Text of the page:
Have you recently connected a “wireless Access point” to your corporate Local Area Network, or you are planning to do so in the future?
If your answer is “Yes,” you have good reason to be worried … Although you’ve deployed a Firewall with anti-virus scanning systems, those have all been bypassed.
Why has this happened?
Since the time you connected the access point directly to your LAN (Local Area Network,) your network has been exposed to unauthorized access from any device that has a wireless support. Once an attacker obtains an IP address using his laptop or PDA, he can then launch an attack against computers on your network and other objects using corporate resources. Computers on your LAN will receive commands from the attacker launching timely attacks acting as robots.
Simply… wireless attacks can be launched by anyone from anywhere. From the person who’s next to you or in the office down the hall, in an elevator or the parking garage, he or she could be hacking your wireless networks at this very moment. If you do not take the necessary precautions to protect your systems, you might just as well them the alarm code to your office and your private files.
Outcomes might include:
- Slow network response when accessing files on servers and slow performance when reading or sending emails.
- A non-operational network, where users cannot access ANY resource on corporate servers.
- Interception of usernames, passwords and other data transmitted between wireless workstations and the servers on the network.
- Public relations damage to the company.
What can you do to prevent a “Security Breakdown” within your infrastructure?
Here are some of the basic things that can be down to prevent security invasions:
- Connect the Access Point to the firewall using a hub, then connect the hub to the Firewall on a separate NIC (Network Interface Card).
- Disable the DHCP (Dynamic Host Configuration Protocol) function on the Access Point. Any access point has the ability to assign an IP address to devices connecting thru the “air” – this is normal operation and needed for communication, resulting in the IP assignment working manually.
- Enable MAC (Media Access Control) address to filter connections to the Access Point. Any device that performs communication needs a physical address. The MAC address is a unique and given by the manufacturer. We can define which MAC address would be able to connect to the access point.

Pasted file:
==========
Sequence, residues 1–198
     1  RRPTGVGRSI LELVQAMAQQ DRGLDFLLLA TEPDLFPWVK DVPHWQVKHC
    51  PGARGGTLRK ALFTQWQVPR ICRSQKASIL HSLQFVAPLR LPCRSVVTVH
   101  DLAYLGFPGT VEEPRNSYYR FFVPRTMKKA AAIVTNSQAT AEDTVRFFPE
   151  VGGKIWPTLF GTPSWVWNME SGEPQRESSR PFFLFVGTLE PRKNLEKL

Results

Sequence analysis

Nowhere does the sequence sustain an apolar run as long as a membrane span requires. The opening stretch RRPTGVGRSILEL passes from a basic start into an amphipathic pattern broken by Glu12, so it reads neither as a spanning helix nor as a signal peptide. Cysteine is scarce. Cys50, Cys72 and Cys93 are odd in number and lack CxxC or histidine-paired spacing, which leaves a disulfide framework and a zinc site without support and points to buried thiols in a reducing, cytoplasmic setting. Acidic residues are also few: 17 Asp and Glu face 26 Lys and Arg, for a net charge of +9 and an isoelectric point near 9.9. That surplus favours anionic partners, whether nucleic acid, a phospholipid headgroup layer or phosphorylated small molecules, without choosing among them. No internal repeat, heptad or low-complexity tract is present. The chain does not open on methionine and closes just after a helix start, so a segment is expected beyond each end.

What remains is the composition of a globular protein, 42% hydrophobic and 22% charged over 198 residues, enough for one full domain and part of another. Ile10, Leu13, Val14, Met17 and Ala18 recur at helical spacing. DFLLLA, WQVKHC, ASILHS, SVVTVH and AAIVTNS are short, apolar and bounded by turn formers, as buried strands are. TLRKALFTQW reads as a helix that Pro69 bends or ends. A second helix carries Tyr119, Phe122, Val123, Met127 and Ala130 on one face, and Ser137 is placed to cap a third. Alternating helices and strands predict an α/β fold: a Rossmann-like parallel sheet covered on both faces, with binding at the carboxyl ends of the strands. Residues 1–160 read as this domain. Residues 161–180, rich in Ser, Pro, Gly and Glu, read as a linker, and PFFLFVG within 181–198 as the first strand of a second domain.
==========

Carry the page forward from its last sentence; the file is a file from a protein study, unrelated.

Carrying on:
- Enable encryption WEP (Wireless Encryption Protocol) or WPA (Wi-Fi Protected Access) on the Access Point. To avoid data interception it is recommended to activate at least the WEP.
- Stop broadcasting the Access Point BSSID (Basic Service ID) on the Access Point. Any access point is broadcasting its name on the “air,” it says “I am here, my name is …” and we need to associate each device manually.
- Give an Unknown name to the Access Point. Any access point comes with a default name such as “linksys,” which is easily decoded. Using a name like this allows a hacker to know what kind of access point you have, and a small search will reveal its defaults.
- Change the access point’s default password. Every access point comes with a default password and hackers know these passwords.
- Authenticate users accessing the wireless Access Point using RADIUS (Remote Authentication Dial-in User Service). To enhance security measures it is necessary to check their identity before letting them in using RADIUS server.
- Deploy IDS (Intrusion Detection System) or IPS (Intrusion Prevention Systems). IDS in some cases can alert if someone is trying to tamper with your access point, and IPS can detect and prevent from pre-defined attacks from happening.
- Enable event logging on the Access Point. Any access point has the ability to log events, such as connections to the access point and etc.
- Monitor activities on the Access Point. Check logs and try to correlate events from the access point and IDS or IPS.
Yigal Behar works as a computer security consultant at 2Secure Corp. Questions and ideas? Please contact us or call 646-666-9601